Emma the Vet on ... What to know before bringing home a new dog

Written by Napo HQ
4th May 2022
6 min read
Summary
When looking to buy from a breeder, Dr Emma Milne BVSc FRCVS (Emma the Vet) explains the importance of requesting proper health tests, using the AWF puppy contract, and avoiding unscrupulous breeders and puppy farms. Emma is a big advocate of adoption and "proper mongrels", and recommends all would-be owners visit a rescue centre to see if they fall in love! Breeder or rescue, always talk to a vet about your new dog's needs, health issues, and cost of care before you bring them home.
Amongst all the excitement of deciding to get a dog, it can be easy to just focus on finding your perfect pet and bringing them home.
However, there are many different things to figure out before you bring home a new furry friend. That's why we fetched expert answers from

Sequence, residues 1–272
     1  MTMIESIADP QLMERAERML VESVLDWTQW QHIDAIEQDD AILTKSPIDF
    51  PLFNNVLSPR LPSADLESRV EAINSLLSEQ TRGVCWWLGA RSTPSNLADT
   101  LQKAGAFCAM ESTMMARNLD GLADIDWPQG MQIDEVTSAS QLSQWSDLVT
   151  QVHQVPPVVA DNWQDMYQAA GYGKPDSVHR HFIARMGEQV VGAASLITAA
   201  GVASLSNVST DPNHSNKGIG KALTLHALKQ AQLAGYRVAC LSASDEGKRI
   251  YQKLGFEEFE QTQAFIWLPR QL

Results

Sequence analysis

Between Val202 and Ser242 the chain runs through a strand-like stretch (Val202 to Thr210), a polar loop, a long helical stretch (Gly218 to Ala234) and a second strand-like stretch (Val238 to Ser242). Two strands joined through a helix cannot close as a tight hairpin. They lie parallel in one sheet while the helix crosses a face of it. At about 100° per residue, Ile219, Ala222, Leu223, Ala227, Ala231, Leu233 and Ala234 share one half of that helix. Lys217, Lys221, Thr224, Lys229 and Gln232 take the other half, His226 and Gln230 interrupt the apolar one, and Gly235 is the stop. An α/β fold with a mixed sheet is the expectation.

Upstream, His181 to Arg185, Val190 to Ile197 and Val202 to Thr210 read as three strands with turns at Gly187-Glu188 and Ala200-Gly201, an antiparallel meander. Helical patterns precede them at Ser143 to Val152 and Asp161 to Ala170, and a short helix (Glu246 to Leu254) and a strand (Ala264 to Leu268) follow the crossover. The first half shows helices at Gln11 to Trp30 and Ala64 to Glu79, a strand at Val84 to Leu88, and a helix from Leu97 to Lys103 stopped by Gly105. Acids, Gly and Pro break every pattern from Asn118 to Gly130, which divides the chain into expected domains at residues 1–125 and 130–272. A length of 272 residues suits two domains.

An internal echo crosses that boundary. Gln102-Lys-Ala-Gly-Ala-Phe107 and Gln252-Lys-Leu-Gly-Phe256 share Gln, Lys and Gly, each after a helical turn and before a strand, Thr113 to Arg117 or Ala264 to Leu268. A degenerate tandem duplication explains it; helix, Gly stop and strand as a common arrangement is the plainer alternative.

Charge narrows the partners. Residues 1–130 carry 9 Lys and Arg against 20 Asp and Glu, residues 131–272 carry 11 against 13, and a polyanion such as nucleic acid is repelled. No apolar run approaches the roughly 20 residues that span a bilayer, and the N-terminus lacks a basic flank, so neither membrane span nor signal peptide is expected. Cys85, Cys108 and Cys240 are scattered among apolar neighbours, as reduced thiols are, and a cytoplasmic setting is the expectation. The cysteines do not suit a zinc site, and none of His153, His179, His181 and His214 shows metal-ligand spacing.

Emma the vet
about everything you should know before bringing home a new dog.
Whether you're looking to buy a puppy from
a good breeder
or
rehome a rescue dog
, here's her advice on how to find the right dog for you, ethical places to find a pet, and what you should be asking breeders and shelters about your new dog.

My family is thinking of getting a dog. How can I go about choosing the right breed for us?

It really is essential that people pick dogs that suit their lifestyle and their family dynamic. I’m a huge fan of adoption and the good centres can really help with this assessment.
Lots of people pick dogs based on popular breeds or celebrities and social media but these can be disastrous choices if not properly researched. You need to be very honest about your financial situation, how much room you have and how active you are.
Also, I would love more people to talk to their vets before getting a certain breed to find out about needs, costs, and health issues.
Fundamentally, I would like to see more people choose proper mongrels (not designer crossbreeds!) and/or look for breeders who are more concerned about health and temperament than looks.

If I decide to get a dog from a breeder, how can I find a reputable one?

The
RSPCA
and
DEFRA
have great advice about how to avoid puppy farm dogs and unscrupulous breeders.
Also, the
Dog Breeding Reform Group
has advice on puppy buying.
ALWAYS
make sure you see the puppy with its mother and siblings in the home environment. Never buy a puppy because you feel sorry for it.